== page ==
Use of home cardiorespiratory monitors in infants
- Michael J Corwin, MD
Michael J Corwin, MD
- Associate Professor of Pediatrics and Epidemiology
- Boston University Schools of Medicine and Public Health
- Section Editors
- George B Mallory, MD
George B Mallory, MD
- Section Editor — Pediatric Pulmonology
- Associate Professor of Pediatrics
- Baylor College of Medicine
- Leonard E Weisman, MD
Leonard E Weisman, MD
- Section Editor — Neonatology
- Professor of Pediatrics
- Baylor College of Medicine
Home cardiorespiratory (CR) monitors have been available for approximately 30 years, and were originally intended to prevent sudden infant death syndrome (SIDS) in at-risk infants. Since then, it has become clear that the CR monitor is not an effective tool to prevent SIDS.
Nonetheless, there is some justification for the use of CR monitors in selected infants with other underlying disorders. Selection of infants for monitoring depends upon the infant's underlying problem and the capabilities of the monitor. In many cases, the primary utility of the monitor is diagnostic (ie, to distinguish genuine from false CR events and document the nature and frequency of CR events) rather than therapeutic (ie, to provide an alarm that allows intervention to terminate events).
The appropriate use of CR monitors for specific disorders, the capabilities and limitations of the devices, and the management of infants with CR monitors will be reviewed here. The pathophysiology, evaluation, and other approaches to managing the disorders for which CR monitoring is sometimes considered are discussed separately. (See "Sudden infant death syndrome: Risk factors and risk reduction strategies" and "Acute events in infancy including brief resolved unexplained event (BRUE)" and "Management of apnea of prematurity".)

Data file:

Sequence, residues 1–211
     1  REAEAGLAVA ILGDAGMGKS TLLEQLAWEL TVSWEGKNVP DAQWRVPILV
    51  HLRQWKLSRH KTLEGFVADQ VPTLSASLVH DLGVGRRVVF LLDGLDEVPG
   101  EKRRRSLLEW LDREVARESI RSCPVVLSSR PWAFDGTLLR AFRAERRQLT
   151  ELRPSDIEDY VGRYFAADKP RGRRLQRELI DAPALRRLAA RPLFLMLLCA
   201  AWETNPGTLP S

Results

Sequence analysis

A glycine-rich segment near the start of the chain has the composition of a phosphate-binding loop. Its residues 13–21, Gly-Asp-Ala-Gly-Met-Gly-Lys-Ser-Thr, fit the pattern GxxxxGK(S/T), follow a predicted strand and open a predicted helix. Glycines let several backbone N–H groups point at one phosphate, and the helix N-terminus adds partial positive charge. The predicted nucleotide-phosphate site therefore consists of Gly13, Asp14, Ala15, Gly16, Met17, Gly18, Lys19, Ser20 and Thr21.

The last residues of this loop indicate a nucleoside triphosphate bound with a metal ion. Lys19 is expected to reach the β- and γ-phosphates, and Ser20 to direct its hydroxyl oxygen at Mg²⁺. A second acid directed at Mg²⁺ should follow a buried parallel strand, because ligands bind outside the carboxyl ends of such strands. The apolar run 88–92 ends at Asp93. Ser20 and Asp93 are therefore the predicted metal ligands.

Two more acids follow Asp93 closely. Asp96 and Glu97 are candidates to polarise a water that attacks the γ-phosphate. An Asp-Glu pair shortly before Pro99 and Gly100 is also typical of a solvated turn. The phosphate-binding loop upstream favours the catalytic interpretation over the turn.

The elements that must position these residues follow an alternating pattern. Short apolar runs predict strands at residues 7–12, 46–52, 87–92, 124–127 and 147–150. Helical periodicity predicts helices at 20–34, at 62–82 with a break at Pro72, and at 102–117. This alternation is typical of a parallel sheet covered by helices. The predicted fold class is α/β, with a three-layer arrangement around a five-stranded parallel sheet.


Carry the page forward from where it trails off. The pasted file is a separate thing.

The use of home cardiorespiratory (CR) monitors has become increasingly controversial. In a 1987 NIH Consensus Statement on Infantile Apnea and Home Monitoring, home CR monitoring was recommended for infants thought to be at-risk for sudden infant death syndrome (SIDS). At that time, at-risk infants were thought to include premature infants with episodic apnea or bradycardia, infants who had experienced one or more severe apparent life threatening events (ALTE), and siblings of two or more SIDS victims. However, the authors of the statement were also careful to point out that "the effectiveness of home monitoring in reducing infant mortality and morbidity is not yet established."
Since the publication of this document, advances in the understanding of the pathophysiology of these disorders, outcomes of clinical trials, and clinical experience have substantially narrowed the indications for CR monitor use. One must also consider the high costs of continuous monitoring, which include the device, training and respite of caretakers, and analysis of recorded events. In addition, concerns have been raised that the use of CR monitors might distract from other established preventive measures (eg, safe sleeping environment for prevention of SIDS), have adverse effects on the parents' quality of life, and present difficulties in determining an end point for monitoring.To continue reading this article, you must log in with your personal, hospital, or group practice subscription. For more information on subscription options, click below on the option that best describes you:
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- DEVICES AND CAPABILITIES
- MONITORING DECISIONS
- Asymptomatic infants with risk factors for sudden infant death syndrome
- Preterm infants with persistent symptoms related to apnea of prematurity
- Infants with apparent life-threatening events
- Other indications
- Counseling of parents
- Professional support
- Monitor settings
- End point of monitoring
- SUMMARY AND RECOMMENDATIONS